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Comprehension First: Evaluating a Novel Pedagogy and Tutoring System for Program Tracing in CS1

Conference PaperTo Appear
Greg L. Nelson, Benjamin Xie, Andrew J. Ko
Publication year: 2017

Contributes a new theory of what it means to know a programming language, a novel pedagogy and computer-based tutorial for teaching this knowledge, and evidence that 1) the tutorial promotes significantly higher learning gains over conventional programming language tutorials, and 2) that these gains predict the majority of the variance in CS1 midterm grades. (description from Andy Ko’s webpage)

Skill Progression in MIT App Inventor

Conference Paper
Benjamin Xie, Hal Abelson
Visual Languages and Human-Centric Computing (VL/HCC) 2016
Publication year: 2016

This paper contributes to the growing body of research that attempts to measure online, informal learning. We analyze skill progression in MIT App Inventor, an informal online learning environment with over 5 million users and 15.9 million projects/apps created. Our objective is to understand how people learn computational thinking concepts while creating mobile applications with App Inventor. In particular, we are interested in the relationship between the progression of skill in using App Inventor functionality and in using computational thinking concepts as learners create more apps. We model skill progression along two dimensions: breadth and depth of capability. Given a sample of 10,571 random users who have each created at least 20 apps, we analyze the relationship between demonstrating domain-specific skills by using App Inventor functionality and generalizable skills by using computational thinking concepts. Our findings indicate that domain-specific and generalizable skills progress similarly; there is a common pattern of expanding breadth of capability by using new skills over the first 10 projects, then developing depth of capability by using previously introduced skills to build more sophisticated apps.

Progression of Computational Thinking Skills Demonstrated by App Inventor Users

Thesis
Benjamin Xie
MIT Masters of Engineering Thesis
Publication year: 2016

I analyze skill progression in MIT App Inventor, an open, online learning environment with over 4.7 million users and 14.9 million projects/apps created. My objective is to understand how people learn computational thinking concepts while creating mobile applications with App Inventor. In particular, I am interested in the relationship between the development of sophistication in using App Inventor functionality and the development of sophistication in using computational thinking concepts as learners create more apps. I take steps towards this objective by modeling the demonstrated sophistication of a user along two dimensions: breadth and depth of capability. Given a sample of 10,571 random users who have each created at least 20 projects, I analyze the relationship between demonstrating domain-specific skills by using App Inventor functionality and generalizable skills by using computational thinking concepts. I cluster similar users and compare differences in using computational concepts.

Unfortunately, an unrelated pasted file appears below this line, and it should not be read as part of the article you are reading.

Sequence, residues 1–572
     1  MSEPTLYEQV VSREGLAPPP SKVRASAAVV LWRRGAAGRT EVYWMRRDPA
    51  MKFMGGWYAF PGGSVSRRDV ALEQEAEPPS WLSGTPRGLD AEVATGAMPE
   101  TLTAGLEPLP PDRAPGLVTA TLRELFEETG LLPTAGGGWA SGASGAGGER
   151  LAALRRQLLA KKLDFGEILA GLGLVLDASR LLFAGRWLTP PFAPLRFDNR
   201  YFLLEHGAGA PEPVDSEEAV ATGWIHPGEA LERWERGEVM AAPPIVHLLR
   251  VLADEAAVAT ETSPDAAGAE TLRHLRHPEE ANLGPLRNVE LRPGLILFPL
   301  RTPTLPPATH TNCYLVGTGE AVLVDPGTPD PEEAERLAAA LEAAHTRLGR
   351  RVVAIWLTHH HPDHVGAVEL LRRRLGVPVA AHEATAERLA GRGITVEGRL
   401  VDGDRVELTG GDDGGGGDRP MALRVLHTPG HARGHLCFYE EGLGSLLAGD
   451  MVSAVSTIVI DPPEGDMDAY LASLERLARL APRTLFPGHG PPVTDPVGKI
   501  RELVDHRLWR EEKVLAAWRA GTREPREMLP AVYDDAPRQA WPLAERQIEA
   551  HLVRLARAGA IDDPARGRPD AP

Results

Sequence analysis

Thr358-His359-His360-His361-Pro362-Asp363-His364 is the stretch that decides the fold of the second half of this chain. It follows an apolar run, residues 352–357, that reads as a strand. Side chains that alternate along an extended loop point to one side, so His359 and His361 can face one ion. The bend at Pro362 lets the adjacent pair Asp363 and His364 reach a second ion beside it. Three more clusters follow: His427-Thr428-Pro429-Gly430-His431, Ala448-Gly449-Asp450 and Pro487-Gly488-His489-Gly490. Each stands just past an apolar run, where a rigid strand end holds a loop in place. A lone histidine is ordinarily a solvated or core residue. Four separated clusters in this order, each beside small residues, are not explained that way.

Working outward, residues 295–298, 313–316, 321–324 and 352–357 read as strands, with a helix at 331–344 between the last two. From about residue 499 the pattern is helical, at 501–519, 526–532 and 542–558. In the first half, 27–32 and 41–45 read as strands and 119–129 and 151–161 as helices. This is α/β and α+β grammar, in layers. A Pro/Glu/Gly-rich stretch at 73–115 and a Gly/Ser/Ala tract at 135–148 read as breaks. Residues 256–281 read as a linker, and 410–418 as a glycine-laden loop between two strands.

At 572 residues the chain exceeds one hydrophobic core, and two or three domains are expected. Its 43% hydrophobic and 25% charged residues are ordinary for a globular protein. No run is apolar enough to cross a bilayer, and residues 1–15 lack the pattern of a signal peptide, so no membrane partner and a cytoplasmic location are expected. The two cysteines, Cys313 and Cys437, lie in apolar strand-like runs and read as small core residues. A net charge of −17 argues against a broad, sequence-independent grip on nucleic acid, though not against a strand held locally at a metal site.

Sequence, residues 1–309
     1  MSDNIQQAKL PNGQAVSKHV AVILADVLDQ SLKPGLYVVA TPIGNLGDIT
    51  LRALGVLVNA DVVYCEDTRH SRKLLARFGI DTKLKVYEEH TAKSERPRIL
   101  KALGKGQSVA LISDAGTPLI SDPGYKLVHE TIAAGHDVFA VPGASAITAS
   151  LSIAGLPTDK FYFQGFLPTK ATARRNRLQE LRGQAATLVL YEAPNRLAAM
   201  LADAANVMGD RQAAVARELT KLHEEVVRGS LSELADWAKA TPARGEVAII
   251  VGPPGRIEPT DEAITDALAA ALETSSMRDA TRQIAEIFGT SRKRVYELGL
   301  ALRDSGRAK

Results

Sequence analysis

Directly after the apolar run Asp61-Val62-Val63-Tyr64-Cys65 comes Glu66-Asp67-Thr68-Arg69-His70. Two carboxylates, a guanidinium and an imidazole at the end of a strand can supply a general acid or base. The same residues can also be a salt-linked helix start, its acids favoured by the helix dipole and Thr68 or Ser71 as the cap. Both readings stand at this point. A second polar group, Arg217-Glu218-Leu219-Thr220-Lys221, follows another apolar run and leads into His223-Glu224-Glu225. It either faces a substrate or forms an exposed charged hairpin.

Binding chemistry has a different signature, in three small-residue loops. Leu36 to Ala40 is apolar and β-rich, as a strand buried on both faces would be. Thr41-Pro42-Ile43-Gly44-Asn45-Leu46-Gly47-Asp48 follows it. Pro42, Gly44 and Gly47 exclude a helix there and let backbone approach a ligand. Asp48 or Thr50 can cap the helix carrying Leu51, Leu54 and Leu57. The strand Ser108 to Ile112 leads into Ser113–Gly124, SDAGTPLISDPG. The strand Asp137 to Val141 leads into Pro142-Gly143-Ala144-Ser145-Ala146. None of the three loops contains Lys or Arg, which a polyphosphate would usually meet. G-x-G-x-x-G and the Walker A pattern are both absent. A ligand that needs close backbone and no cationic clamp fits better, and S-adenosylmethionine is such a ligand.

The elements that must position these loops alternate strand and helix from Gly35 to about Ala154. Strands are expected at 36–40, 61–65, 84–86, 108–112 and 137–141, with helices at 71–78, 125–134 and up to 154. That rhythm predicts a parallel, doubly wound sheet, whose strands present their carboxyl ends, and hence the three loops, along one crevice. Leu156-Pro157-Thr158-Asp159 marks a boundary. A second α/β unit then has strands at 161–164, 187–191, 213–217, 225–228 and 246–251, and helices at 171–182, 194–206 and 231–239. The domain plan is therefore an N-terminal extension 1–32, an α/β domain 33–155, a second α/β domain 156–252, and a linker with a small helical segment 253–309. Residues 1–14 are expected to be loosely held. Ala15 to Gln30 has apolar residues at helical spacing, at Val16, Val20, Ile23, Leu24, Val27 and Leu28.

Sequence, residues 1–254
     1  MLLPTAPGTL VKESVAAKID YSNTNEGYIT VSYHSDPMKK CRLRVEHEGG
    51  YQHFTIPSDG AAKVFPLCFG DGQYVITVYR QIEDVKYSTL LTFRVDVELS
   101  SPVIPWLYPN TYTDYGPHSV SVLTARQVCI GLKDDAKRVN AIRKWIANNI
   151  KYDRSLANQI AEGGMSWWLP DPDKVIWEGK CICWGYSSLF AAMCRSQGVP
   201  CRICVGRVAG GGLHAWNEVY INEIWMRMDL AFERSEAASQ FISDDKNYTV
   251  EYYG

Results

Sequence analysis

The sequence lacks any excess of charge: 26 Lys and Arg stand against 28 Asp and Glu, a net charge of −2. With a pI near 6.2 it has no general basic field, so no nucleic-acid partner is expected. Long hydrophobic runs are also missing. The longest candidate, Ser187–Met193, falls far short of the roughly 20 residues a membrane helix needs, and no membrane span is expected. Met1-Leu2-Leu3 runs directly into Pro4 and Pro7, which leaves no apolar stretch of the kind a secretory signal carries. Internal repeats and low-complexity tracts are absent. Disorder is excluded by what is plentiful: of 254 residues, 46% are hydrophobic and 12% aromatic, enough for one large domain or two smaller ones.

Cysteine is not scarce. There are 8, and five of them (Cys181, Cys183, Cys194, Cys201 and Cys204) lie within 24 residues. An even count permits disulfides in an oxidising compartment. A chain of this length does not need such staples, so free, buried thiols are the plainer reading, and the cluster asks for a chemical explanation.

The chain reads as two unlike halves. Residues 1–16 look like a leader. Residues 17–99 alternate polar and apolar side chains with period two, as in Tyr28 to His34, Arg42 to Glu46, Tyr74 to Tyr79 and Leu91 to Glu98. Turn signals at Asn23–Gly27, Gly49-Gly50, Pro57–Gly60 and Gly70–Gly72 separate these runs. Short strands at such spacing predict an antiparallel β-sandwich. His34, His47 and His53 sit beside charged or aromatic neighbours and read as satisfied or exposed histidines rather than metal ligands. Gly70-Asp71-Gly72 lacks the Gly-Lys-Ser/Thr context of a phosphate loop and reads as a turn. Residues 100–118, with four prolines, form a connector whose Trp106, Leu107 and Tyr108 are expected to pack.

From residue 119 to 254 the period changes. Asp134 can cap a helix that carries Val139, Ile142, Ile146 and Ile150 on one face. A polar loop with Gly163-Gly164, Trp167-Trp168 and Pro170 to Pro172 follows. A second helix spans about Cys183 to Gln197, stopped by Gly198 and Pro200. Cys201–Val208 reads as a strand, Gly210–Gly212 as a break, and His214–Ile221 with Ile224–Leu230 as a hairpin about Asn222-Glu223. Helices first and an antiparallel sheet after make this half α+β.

My findings indicate a common pattern of expanding breadth of capability by using new skills over the first 10 projects, then developing depth of capability by using previously introduced skills to build more sophisticated apps. From analyzing the clustered users, I order computational concepts by perceived complexity. This concept complexity measure is relative to how users interact with components. I also identify differences in learning computational concepts using App Inventor when compared to learning with a text-based programming language such as Java. In particular, statements (produce action) and expressions (produce value) are separate blocks because they have different connections with other blocks in App Inventor’s visual programming language. This may result in different perceptions of computational concepts when compared to perceptions from using a text-based programming language, as statements are used more frequently in App Inventor than expressions.

This work has implications to enable future computer science curriculum to better leverage App Inventor’s blocks-based programming language and events-based model to offer more personalized guidance and learning resources to those who learn App Inventor without an instructor.

Measuring the usability and capability of App inventor to create mobile Applications

Conference Paper
Benjamin Xie, Isra Shabir, and Hal Abelson
In Proceedings of the 3rd International Workshop on Programming for Mobile and Touch (PROMOTO 2015). ACM, New York, NY, USA, 1-8.
Publication year: 2015

MIT App Inventor is a web service that enables users with little to no previous programming experience to create mobile applications using a visual blocks language. We analyze a sample of 5,228 random projects from the corpus of 9.7 million and group projects by functionality. We then use the number of unique blocks in projects as a metric to better understand the usability and realized capability of using App Inventor to implement specific functionalities. We introduce the notion of a usability score and our results indicate that introductory tutorials heavily influence the usability of App Inventor to implement particular functionalities. Our findings suggest that the sequential nature of App Inventor’s learning resources results in users realizing only a portion of App Inventor’s capabilities and propose improvements to these learning resources that are transferable to other programming environments and tools.